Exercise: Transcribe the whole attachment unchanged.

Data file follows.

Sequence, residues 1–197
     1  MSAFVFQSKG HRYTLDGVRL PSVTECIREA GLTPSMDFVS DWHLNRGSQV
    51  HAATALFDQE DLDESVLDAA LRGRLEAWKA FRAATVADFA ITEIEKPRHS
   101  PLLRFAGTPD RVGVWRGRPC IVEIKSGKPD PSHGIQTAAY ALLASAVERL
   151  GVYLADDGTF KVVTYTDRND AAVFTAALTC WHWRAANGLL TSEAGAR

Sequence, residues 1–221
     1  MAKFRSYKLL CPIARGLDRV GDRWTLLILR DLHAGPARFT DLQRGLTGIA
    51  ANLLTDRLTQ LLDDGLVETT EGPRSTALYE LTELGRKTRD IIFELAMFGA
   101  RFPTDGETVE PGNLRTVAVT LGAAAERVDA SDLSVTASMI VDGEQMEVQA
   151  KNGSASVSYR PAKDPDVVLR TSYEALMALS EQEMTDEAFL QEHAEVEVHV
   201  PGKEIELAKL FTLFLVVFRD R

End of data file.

Sequence, residues 1–197
     1  MSAFVFQSKG HRYTLDGVRL PSVTECIREA GLTPSMDFVS DWHLNRGSQV
    51  HAATALFDQE DLDESVLDAA LRGRLEAWKA FRAATVADFA ITEIEKPRHS
   101  PLLRFAGTPD RVGVWRGRPC IVEIKSGKPD PSHGIQTAAY ALLASAVERL
   151  GVYLADDGTF KVVTYTDRND AAVFTAALTC WHWRAANGLL TSEAGAR

Sequence, residues 1–221
     1  MAKFRSYKLL CPIARGLDRV GDRWTLLILR DLHAGPARFT DLQRGLTGIA
    51  ANLLTDRLTQ LLDDGLVETT EGPRSTALYE LTELGRKTRD IIFELAMFGA
   101  RFPTDGETVE PGNLRTVAVT LGAAAERVDA SDLSVTASMI VDGEQMEVQA
   151  KNGSASVSYR PAKDPDVVLR TSYEALMALS EQEMTDEAFL QEHAEVEVHV
   201  PGKEIELAKL FTLFLVVFRD R